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Christ Church joins protestors with prayer vigil

Christ Church joins protestors with prayer vigil

Inclusivity Missions and Outreach


Cynthia Metzger Phipps

The scenes of protest in South Florida were unavoidable. People of all backgrounds marched last weekend for justice after the death of George Floyd at the hands of Minneapolis police.

While most were peaceful, some incidents led to rubber bullets in Miami, tear gas in Fort Lauderdale, and overnight curfews from Miami to West Palm Beach.

Christ Church United Methodist, led by Rev. Dr. Brett Opalinski, responded Monday morning by organizing and producing a livestream prayer vigil for Monday evening.

“It was important for us to offer what we could into a difficult situation,” Opalinski said. “We wanted to offer a message that brought the love of God into our context.”

Clergy and lay persons from four churches, plus South East District Superintendent Rev. Dr. Cynthia Weems, agreed to speak.

“A prayer vigil allows us to focus on a key component of our faith – prayer to God in times of strife and uncertainty,” Weems said. “We too often rely on our own words, thoughts and desires rather than turning to God for guidance.”

Before the coronavirus pandemic, a prayer vigil like this would have brought people together in one place. That’s not an option now, and the online presentation offered advantages.

Brett Opalinksi
Pastor Brett Opalinski

“Livestream made it possible for us to do this quickly and for people from all over the country to join in prayer with us,” Opalinski said.

He invited speakers who represented the diversity of the South East District. Weems is not only the District Superintendent but also an advocate for peace and justice. Wyatt Robinson, of First UMC Boca Raton, is a young adult from a church in the northern part of the district.

Rev. Dr. Simon Osunlana of St. John’s UMC in Fort Lauderdale, had worked with Christ Church a few years earlier through Beloved Community, a movement to improve race relations.

Other speakers included Judith Pierre-Okerson, Southeast District lay leader; Josh Beaty, Christ Church associate pastor; Monique McBride, Christ Church pastor to schools and families; and Mirhonda Studevant, Christ Church lay leader.

“The hope was that this would be a prayer vigil that demonstrated we heard the voices and suffering of persons who have long lived with the

Cynthia Weems
Rev. Dr. Cynthia Weems

pain of racism, that we could name white privilege as a contributing factor and seek repentance and forgiveness,” Opalinski said.

Each speaker shared an experience or reading and a prayer. A period of silence punctuated the prayers.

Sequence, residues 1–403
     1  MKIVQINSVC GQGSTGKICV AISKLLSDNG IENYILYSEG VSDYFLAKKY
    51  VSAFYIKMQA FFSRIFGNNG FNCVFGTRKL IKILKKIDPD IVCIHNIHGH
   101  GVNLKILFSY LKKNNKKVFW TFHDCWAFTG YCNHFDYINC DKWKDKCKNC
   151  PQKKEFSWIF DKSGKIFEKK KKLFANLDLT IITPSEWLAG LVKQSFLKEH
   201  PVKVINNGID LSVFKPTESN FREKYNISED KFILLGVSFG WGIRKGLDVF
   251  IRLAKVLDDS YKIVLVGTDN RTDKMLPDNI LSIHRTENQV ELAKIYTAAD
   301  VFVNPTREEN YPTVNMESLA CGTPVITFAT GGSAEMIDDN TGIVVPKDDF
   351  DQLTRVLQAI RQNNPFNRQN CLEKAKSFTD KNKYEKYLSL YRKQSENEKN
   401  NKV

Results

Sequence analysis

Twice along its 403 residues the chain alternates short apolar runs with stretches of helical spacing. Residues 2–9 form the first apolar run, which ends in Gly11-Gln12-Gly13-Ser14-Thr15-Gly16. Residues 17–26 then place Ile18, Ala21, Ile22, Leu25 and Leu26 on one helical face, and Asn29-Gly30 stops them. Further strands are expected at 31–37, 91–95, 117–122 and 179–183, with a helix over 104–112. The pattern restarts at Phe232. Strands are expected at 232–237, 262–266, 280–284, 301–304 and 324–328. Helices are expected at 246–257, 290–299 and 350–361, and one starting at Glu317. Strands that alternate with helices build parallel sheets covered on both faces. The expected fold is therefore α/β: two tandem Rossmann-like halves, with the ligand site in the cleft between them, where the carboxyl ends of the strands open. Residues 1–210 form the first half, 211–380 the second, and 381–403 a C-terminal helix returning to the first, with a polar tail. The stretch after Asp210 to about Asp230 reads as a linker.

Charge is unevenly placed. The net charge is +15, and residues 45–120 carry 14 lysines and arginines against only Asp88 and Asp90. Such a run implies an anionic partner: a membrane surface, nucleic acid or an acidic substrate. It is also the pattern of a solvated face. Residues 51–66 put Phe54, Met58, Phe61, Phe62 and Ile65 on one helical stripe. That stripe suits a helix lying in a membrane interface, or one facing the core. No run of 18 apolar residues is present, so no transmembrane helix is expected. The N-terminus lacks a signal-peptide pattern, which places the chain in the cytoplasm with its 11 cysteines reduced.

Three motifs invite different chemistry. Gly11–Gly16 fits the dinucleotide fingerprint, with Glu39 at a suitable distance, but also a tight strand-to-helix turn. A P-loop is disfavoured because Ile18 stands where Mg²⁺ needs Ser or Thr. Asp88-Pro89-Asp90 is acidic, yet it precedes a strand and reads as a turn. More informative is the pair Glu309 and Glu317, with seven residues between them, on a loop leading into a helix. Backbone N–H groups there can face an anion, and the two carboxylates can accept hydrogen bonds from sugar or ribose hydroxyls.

Studevant chose a passage from Michael Eric Dyson's "Tears We Cannot Stop: A Sermon to White America." She chose the passage to provoke listeners to a collective responsibility and personal accountability.

“I wanted to eliminate any assumption that racial injustice was someone else's problem,” she said. “I wanted listeners to feel unified as children of God and committed to being instruments of God's peace, justice, and equality.”

Facebook viewers expressed gratitude for the contemplative time together at a tumultuous moment.  Kathy Skipper, a Christ Church member, said she looked forward to the time of reflection and Scripture from the moment she saw the announcement on Facebook.

“The service was a literal balm in a virtual world!” she said. “I was so proud of our pastors and the district superintendent for putting this together so quickly.  The combination of thoughtful readings and music was a gift. “

While some might challenge the issues of racism and inequality as political, not “church” issues, Opalinski disagrees.

“To remain silent just because issues have political implications is abdicating our work as Christians, even if it speaks an uncomfortable truth to persons in power and privilege,” he said.

Osunlana, a speaker and pastor at St. John’s UMC, said racism is an issue that must be discussed by the church.  

“The church itself has been a racialized institution for far too long. The silence or sometimes half-spirited condemnation of racism presents a spiritual challenge,” he said. “The fact that opportunities and resources in many denominations, including ours, depend largely on the color of your skin makes the church unbelievable when she talks about how bad racism is.” 

Reading list

Here are some of the books that were read from during Monday’s prayer vigil. All are classics in the civil rights movement.

  • Tears We Cannot Stop: A Sermon to White America, by Michael Eric Dyson

  • Why We Can’t Wait, by Martin Luther King, Jr.

  • Jesus and the Disinherited, by Howard Thurman

 

  ~Cynthia Metzger Phipps is the director of communications at Christ Church in Fort Lauderdale.

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